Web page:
In early September this year (2016) we had the opportunity to attend to the European Women in Games Conference 2016 at the Greenwich University. It was a very good conference, lots of great people from both industry and academia, asking questions about the games industry, diversity and cutting-edge technologies such as Virtual Reality (VR).
In this post I will try to bring a little bit from 1 session that I’ve attended: the VR workshop.
The main topic of the workshop was “Presenting the main issues while implementing Virtual Reality”. In this talk, Laura Dilloway from Guerrilla Cambridge introduced us challenges and possible guidelines for the creation of games in VR environments. I might say that most of the content in the talk was new to me. Laura showed the case of the RIGS Mechanized Combat League, the new game from Playstation that features a combat with robots in different arenas.
First of all, VR is quite new, so we could ask questions like if there are different rules and possible different gameplay in games that use VR, for example. Some of the design challenges are related to player immersion and presence like:
- Giving the player a body
- Correct the placement of camera
- Physical body motion
- Enduring that everything is in the right place
In fact, as designers we have to review the way the player perceive the world as the position of the camera is crucial.
There is also a challenge related to the sense of scale, which could be conveyed by other elements in the game environment. Crowds and doors are a few examples. The assets need to be in realistic sizes.
Another aspect mentioned by Laura is that when creating in virtual reality you need to test it all the time. We should not underestimate VR! The relationship between 360 movement and fixed point should also be considered.
In the end of the day, interface design is the main strategy when dealing with VR games and player comfort. As a designer you can use optic flow and brightness in order to bring comfort to the player. Try not to use absolute black and white for example. Materials could be used in the same way. For example, when you walk the character you could leave footprints in the sand. For ground rush, the choice for material should be strategic. Designers should also bear in mind that sometimes some details are not rendered with enough pixels.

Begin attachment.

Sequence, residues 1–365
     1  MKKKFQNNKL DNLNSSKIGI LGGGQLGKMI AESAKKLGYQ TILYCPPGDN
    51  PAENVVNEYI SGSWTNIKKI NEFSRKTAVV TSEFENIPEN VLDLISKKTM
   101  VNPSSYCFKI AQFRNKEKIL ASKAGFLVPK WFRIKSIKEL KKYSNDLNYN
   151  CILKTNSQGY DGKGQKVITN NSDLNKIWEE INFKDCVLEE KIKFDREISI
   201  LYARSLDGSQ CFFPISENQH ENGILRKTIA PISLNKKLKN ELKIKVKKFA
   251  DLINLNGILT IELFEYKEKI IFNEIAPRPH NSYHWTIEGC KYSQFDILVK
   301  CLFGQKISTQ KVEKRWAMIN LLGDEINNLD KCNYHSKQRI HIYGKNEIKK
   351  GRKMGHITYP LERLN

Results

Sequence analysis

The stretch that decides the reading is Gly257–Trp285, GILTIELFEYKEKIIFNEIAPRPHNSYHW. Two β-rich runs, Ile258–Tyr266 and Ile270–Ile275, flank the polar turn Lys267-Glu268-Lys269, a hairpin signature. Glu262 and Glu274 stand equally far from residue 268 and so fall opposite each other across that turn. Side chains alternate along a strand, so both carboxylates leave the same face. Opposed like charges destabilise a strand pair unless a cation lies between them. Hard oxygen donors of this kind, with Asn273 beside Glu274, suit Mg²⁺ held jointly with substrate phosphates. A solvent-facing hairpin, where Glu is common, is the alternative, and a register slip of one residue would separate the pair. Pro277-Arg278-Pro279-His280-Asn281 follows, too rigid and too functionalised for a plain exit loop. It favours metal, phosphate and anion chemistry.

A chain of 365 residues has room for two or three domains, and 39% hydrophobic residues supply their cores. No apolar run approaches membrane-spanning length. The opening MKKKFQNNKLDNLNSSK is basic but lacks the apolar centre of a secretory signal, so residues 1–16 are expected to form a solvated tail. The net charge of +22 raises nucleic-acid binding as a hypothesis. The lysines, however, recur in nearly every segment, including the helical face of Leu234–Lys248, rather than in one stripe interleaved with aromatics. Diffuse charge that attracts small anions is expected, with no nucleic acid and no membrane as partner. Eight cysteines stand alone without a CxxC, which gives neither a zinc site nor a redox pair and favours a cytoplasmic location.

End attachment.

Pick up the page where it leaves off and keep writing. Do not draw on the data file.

One point raised by Laura was that everybody’s eyes are different so we need to test with a wider audience. This shows that testing is crucial. Thus, one way to solve this problem of diversity is to bring more choices in the game. Yet, it is still a big challenge. One strategy mentioned in the talk was the use of blinkers in order to avoid peripheral vision by the players.
The biggest question about virtual reality is still player comfort. Don’t take away the camera from the player. One advice is to avoid placing things directly in front of the player. As Laura mentioned, performance is king, and I totally agree. As designers we could use defaults like 60fps and mart usage of dynamic lights and correction of player view camera. By using horizontal lines we could also help the player to situate the camera correctly. It is all about the position of the camera.
Tactics for VR comfort & performance in RIGS. #ewigconf pic.twitter.com/mScOd9JJAM
— Sarah Cole (@iRNY) September 7, 2016
Another strategy presented by Laura was that designers tend to “climatize” people through tutorials until they get used to it while playing the game. I think this could be a very successful way to bring people inside the game and provide them all the support and guidance required to proceed in the game. Players should be able to customise their settings according to their preference (always, if possible).
I think that the lessons to take home are that in VR and games we need to test a lot with fresh eyes and we should not be afraid, just because it is new. Using defaults and providing these defaults to the design community could also be one way to make it easier. As it is a cutting-edge technology, we need to share, test and publish as much as we can. We will get there! Thanks, Laura!
Aspects of VR @Guerrilla RIG development. #ewigconf pic.twitter.com/WUsQUDbEVh
— Sarah Cole (@iRNY) September 7, 2016
Follow Laura here: @GuerrillaLaura
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